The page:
It's an old saw: Competition is good for everyone. In health care, competition can be good for those who are paying the bills. But just how good is competition at holding prices down?

A Health Affairs study that looked at the average prices for common procedures in areas of high and low physician practice concentration produced a range that was telling: "In 12 of the 15 procedures, prices were 8 percent to 26 percent higher in counties with the highest average physician concentration compared to counties with the lowest average concentration," Heath Affairs reported.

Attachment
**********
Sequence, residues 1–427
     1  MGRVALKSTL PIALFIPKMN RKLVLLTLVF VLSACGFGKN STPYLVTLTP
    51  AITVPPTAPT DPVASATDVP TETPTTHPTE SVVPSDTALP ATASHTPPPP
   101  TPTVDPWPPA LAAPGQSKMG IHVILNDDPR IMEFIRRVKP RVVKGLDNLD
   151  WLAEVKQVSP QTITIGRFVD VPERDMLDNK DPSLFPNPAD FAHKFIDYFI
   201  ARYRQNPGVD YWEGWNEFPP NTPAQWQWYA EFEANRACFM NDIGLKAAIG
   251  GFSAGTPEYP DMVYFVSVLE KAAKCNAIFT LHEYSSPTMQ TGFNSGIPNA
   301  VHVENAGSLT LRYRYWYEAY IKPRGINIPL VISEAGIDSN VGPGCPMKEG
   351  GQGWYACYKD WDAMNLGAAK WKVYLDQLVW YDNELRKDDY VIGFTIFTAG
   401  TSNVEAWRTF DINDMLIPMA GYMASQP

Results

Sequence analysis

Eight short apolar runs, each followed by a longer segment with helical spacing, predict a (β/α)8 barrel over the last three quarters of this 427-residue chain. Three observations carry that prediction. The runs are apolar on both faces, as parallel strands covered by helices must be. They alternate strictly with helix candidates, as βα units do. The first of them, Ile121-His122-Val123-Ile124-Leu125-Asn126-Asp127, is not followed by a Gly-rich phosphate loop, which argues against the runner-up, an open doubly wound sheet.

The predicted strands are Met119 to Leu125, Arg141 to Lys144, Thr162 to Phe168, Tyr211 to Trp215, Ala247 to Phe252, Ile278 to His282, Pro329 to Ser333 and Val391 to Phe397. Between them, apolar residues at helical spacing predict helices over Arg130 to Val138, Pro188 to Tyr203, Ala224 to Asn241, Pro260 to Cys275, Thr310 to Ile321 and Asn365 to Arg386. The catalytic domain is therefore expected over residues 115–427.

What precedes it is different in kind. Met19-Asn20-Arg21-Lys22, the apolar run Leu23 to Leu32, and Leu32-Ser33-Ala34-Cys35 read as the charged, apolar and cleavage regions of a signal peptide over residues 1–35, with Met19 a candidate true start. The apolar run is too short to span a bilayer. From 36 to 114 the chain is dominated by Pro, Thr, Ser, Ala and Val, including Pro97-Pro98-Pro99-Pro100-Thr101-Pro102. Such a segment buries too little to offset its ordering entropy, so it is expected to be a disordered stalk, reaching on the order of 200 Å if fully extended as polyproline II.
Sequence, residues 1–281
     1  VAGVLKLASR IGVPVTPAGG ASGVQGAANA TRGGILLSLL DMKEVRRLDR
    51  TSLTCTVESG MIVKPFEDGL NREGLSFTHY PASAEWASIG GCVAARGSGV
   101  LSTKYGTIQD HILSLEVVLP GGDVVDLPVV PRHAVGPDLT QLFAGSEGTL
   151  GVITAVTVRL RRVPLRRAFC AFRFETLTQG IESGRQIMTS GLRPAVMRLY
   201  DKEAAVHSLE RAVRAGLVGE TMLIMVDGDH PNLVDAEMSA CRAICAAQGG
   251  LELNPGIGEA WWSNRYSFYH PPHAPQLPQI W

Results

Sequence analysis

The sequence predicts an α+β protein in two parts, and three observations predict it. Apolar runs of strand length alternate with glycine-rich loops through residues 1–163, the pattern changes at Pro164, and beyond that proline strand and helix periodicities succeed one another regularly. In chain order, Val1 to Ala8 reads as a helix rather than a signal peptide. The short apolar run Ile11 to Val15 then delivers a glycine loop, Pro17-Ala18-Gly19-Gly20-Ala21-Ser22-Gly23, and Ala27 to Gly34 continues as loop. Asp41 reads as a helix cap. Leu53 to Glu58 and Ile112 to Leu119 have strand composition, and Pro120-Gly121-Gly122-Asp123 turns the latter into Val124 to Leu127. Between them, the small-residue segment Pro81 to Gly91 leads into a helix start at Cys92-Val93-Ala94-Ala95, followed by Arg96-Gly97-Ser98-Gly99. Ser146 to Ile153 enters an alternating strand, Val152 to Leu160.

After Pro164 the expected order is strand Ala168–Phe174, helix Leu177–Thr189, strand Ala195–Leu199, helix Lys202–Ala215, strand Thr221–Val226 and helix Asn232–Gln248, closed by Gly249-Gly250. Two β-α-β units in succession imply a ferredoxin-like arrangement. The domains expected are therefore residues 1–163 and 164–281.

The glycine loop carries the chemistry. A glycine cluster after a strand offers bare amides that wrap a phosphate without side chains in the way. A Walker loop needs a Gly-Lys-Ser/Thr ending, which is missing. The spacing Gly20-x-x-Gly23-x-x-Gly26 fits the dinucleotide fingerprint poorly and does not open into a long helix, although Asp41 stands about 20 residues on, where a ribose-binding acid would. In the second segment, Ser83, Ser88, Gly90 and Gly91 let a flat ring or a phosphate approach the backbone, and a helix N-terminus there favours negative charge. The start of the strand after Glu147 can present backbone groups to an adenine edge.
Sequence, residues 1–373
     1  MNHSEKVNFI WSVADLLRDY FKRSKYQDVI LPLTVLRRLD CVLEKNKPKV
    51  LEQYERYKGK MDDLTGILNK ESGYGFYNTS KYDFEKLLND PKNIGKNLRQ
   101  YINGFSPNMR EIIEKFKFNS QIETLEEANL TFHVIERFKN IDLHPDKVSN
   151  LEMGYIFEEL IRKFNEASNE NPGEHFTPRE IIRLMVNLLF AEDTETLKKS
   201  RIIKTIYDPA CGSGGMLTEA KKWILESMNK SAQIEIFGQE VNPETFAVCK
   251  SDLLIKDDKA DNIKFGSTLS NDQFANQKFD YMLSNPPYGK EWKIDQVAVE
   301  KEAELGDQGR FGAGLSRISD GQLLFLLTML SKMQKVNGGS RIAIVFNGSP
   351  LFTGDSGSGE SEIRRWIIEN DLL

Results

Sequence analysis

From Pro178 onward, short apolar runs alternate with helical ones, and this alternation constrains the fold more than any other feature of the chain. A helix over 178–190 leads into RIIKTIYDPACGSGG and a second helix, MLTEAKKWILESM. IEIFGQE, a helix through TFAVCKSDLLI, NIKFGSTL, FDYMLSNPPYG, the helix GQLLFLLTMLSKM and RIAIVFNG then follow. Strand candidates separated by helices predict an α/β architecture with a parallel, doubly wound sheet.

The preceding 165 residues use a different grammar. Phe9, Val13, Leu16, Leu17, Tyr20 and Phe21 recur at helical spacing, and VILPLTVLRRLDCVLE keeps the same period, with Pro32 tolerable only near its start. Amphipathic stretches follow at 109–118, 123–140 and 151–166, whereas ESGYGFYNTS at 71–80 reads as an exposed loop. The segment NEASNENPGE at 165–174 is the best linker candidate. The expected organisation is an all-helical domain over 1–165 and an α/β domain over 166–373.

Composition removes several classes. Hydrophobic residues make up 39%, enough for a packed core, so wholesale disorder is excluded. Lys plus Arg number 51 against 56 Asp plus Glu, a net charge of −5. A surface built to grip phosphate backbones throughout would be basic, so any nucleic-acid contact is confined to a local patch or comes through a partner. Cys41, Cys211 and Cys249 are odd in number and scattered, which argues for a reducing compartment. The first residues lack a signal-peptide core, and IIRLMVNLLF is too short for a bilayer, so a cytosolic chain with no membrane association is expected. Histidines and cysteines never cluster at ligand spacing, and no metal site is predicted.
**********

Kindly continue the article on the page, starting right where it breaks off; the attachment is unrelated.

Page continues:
The study was based on 2010 figures. The physician practice landscape has changed since then, but at the same time, more steps have been taken by payers to address procedural price increases. So perhaps the data is relevant to today's market.

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Dan Cook

Dan Cook is a journalist and communications consultant based in Portland, OR. During his journalism career he has been a reporter and editor for a variety of media companies, including American Lawyer Media, BusinessWeek, Newhouse Newspapers, Knight-Ridder, Time Inc., and Reuters. He specializes in health care and insurance related coverage for BenefitsPRO.